Impact of season, fuel load and vegetation cover on fire mediated nutrient losses across savanna agro-ecosystems: the case of northern Ghana
Nutrient Cycling in Agroecosystems
Division of Ecology and Natural Resources, Center for Development Research (ZEF), University of Bonn, Walter Flex Str. 3, Bonn, Germany; Department of Agronomy, University for Development Studies, Nyamkpala, Ghana; Savanna Agricultural Research Institute, Nyankpala, P. O. Box 52, Tamale, Ghana; West African Science Service Center on Climate Change and Adapted Land Use (WASCAL), Airport-Accra, Ghana
In the subsistence-based, nutrient-poor soils, and fertilizer-limited agriculture of northern Ghana, 45–65 % of land cover is annually burned for purposes of hunting and agricultural land preparation. The effects of burn-season, fractional nutrient losses, combusted plant parts and vegetation type on the fire-mediated nutrient cycling are unclear. We estimate and compare the plant nutrient losses associated with different savanna covers in the early and late burn-seasons and fractionate the losses into actual losses, which should be the cause for concern and the losses due to particulate redistribution. The tissue-moisture and fuel-load elemental concentrations are predominant factors that determine the quantity of fire-induced nutrient losses. About 50 % of total combusted phosphorus, potassium, calcium and magnesium load; and ~99 % of the carbon and nitrogen loads are directly lost from burned sites during burns. Generally, calcium and magnesium are redistributed in particulate forms (~100 and ~90 % respectively) and not lost from the region, phosphorus and potassium are lost in both particulate (~50 and ~75 % respectfully) and non-particulate forms (~50 and ~25 % respectively), whereas the carbon and nitrogen are mostly lost in gaseous forms (~95 %). In the early-burn season high tissue-nitrogen concentration and low phosphorus-concentration renders burn vulnerable to high nitrogen-losses/emissions and low phosphorus-losses per unit burnt biomass. A comparatively high tissue moisture, however, impedes the early burns, resulting in patches of burned and unburned vegetation that reduce the occurrence of late burns and the total losses of plant-nutrients. Early burns reduce the quantity of nutrient losses towards a more secured food production. © 2014, Springer Science+Business Media Dordrecht.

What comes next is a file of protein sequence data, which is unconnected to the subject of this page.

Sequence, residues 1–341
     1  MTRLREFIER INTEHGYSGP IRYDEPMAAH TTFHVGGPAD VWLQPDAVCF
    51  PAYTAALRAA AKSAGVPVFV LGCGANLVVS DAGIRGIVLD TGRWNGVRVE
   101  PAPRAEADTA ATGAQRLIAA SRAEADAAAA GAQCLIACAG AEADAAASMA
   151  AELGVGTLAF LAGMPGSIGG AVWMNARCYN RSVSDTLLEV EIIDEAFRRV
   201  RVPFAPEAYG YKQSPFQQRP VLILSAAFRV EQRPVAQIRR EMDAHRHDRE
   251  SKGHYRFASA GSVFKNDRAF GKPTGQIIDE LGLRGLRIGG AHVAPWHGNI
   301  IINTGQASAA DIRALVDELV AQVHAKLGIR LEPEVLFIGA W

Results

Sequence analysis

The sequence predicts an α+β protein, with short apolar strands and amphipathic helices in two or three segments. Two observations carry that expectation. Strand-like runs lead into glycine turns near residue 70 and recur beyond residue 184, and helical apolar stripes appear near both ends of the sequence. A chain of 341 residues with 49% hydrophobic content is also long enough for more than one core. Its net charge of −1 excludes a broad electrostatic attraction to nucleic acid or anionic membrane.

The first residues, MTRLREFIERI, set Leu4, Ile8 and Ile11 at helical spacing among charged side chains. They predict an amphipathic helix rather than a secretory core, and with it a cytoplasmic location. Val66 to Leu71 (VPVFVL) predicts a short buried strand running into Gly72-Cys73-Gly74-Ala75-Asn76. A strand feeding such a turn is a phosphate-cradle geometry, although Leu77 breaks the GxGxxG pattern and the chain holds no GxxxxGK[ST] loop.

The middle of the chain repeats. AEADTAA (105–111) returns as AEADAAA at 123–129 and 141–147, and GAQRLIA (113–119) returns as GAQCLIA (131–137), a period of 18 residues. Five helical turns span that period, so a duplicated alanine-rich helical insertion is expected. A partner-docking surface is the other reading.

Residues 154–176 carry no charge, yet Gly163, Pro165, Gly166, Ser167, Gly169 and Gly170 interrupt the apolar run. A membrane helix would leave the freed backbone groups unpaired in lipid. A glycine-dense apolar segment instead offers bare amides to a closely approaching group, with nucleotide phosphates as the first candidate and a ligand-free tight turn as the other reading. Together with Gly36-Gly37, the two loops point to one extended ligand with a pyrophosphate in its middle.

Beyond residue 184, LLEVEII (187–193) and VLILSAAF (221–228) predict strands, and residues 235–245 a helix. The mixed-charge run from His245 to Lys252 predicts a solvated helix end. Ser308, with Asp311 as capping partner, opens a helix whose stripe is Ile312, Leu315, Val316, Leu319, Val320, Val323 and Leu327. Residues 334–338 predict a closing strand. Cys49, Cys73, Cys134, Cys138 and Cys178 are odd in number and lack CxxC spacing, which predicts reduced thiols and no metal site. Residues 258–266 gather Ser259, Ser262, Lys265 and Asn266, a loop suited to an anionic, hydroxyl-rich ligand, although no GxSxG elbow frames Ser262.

agricultural ecosystem; fertilizer application; food production; food security; fuelwood; nutrient cycling; savanna; seasonality; vegetation cover; Ghana